FROM Hemingway’s Santiago to Nick Hancock’s Rockall adventure, quests continue to fascinate, writes Roger Cox
I’m currently reading The Old Man and The Sea to my four-year-old as a bedtime story. At the time of writing we’re up to page 85 and he shows no signs of getting bored with it. Quite the opposite, in fact: now, when I give him a choice of books, he always picks Hemingway over all his old favourites.
When we first started out I didn’t expect him to last more than a couple of pages before he got bored and asked for something with pirates in. Or dinosaurs. Or both. I was really just chancing my arm – hoping that I could somehow con him into liking a book I liked so I’d have an excuse to re-read it. But now, against the odds, here we are on page 85, with Santiago hunkering down in the bow of his little boat for a second night of being towed across the Atlantic by the giant marlin he’s hooked, trying to decide if he should get some sleep or stay awake.
How are we going to cope with the eventual death of the fish in 20 pages or so? Or the shark attack scenes that come not long after that? Like Santiago, we have both become rather fond of the proud, mysterious marlin, so things might get a bit emotional. I suppose there may need to be a little parental editing at certain key moments, particularly when those mean old sharks make an appearance. If he were still alive, Ernesto would no doubt tell me to “read the boy the whole damn thing,” but while he was undoubtedly a great writer, he is rarely referenced on Mumsnet as an examplar of good parenting, so I think I’ll just ignore that hypothetical advice and wield my editor’s red pen when I deem it necessary.
Anyway, as I say, I’m mostly just amazed we’ve made it this far. By the standards of most books aimed at four-year-olds – in which there seems to be an earth-shattering plot development on almost every line – not much has happened yet. Santiago has hung out on the beach for a while, chatted with the young boy who takes care of him when he has no money for food, then woken early, rowed himself out to sea and hooked himself a whopper. The rest, really, has been padding. Nobel prize-winning padding, right enough, but not vital to the plot.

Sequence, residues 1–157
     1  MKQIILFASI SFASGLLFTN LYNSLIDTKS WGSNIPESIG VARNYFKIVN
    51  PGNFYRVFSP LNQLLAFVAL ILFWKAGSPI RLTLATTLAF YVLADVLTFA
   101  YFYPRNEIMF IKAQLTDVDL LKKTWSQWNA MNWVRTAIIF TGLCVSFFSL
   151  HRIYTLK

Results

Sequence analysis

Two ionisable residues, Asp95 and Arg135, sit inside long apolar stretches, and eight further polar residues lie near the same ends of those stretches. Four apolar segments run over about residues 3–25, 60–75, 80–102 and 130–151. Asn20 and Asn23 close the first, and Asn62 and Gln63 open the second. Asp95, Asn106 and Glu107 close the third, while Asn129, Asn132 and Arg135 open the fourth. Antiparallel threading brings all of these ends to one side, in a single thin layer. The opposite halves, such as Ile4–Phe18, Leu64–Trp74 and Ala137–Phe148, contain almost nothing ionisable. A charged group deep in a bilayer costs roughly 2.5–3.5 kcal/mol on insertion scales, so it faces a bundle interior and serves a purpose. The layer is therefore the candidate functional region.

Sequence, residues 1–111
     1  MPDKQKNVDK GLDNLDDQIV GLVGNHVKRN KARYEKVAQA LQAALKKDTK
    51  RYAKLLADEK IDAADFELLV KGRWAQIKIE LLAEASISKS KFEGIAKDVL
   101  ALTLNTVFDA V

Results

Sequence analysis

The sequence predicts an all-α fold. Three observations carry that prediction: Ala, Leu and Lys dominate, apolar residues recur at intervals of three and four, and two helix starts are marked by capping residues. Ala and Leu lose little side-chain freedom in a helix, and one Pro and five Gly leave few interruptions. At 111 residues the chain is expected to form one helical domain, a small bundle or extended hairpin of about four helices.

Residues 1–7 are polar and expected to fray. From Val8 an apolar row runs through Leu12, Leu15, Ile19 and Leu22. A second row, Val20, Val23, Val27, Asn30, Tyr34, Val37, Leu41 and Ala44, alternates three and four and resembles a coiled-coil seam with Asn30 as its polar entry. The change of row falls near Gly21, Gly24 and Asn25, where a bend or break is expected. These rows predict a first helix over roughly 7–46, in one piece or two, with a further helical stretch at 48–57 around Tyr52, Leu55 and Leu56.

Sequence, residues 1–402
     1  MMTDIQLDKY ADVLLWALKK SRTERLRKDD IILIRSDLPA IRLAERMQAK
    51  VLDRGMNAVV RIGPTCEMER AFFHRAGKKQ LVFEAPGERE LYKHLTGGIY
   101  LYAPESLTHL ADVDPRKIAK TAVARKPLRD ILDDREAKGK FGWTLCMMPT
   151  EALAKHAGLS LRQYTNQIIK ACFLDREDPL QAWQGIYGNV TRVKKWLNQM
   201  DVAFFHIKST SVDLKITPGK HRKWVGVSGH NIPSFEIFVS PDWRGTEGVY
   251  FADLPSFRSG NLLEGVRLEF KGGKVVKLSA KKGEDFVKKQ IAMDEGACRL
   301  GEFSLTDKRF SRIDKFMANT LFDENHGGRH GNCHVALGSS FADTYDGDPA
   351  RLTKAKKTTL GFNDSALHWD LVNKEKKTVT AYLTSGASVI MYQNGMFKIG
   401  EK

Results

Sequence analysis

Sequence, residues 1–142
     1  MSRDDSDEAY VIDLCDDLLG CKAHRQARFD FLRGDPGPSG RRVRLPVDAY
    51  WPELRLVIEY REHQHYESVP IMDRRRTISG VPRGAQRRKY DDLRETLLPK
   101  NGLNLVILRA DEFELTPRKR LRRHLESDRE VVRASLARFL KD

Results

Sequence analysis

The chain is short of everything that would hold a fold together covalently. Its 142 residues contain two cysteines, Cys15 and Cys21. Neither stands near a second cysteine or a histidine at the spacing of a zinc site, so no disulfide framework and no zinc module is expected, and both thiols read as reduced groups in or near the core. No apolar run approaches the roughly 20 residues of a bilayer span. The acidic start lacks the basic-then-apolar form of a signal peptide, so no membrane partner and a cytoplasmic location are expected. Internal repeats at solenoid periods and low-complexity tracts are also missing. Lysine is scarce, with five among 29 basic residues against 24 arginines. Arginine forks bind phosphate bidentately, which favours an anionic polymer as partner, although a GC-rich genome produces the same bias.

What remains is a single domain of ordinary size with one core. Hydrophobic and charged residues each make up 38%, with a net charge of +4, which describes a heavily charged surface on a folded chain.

So why are we still reading? My theory, for what it’s worth, is that no matter how old you are there’s something inherently compelling about a man on a mission, a man out to prove something to himself and the world. “I told the boy I was a strange old man,” Santiago says at one point. “Now is when I must prove it.” And, of course, in the end, in spite of the sharks, he does.
This same sense of a man on a mission is to be found in Rockall Solo, a new book by the Edinburgh-based adventurer Nick Hancock. Last summer, in order to raise funds for Help For Heroes (and also, no doubt, to prove something to himself and the world) Hancock set out to break the record for the longest solo occupation of Rockall – the tiny craggy islet lying 230 miles off the west coast of the Outer Hebrides that most people only usually think of in relation to the Shipping Forecast. Having built himself a nifty plastic survival pod, designed to withstand the worst weather the North Atlantic could throw at it, and having sorted out the logistics of food, water, communications and so-on with military precision, he hitched a ride out to the rock with Kilda Cruises on 4 June, installed his pod near the summit, and then spent 45 days there, all alone, breaking the record of 40 days set by Tom McClean in 1985.
Much like Santiago’s story, then, Hancock’s tale is about a man surviving as best he can in a confined space, surrounded on all sides by a hostile ocean; the stage is enormous, but the protagonist only ever occupies a tiny part of it. And like Santiago’s story, Hancock’s doesn’t have all that much plot to it. But just as The Old Man and the Sea comes alive in the details – the way Santiago arranges his lines, the way he prepares raw fish, the way he deals with the cramp in his left hand – so the real interest in Rockall Solo lies in the minutiae. How do you get an eight foot long, 180kg pod up an almost sheer cliff face? How do you secure it to a tiny ledge once you get there? How do you then sort yourself out with food, water and electricity? As if to give an indication of how much work is involved in all of the above, it isn’t until Day Ten of his confinement that Hancock writes “this morning I felt a pang of proper boredom for the first time”.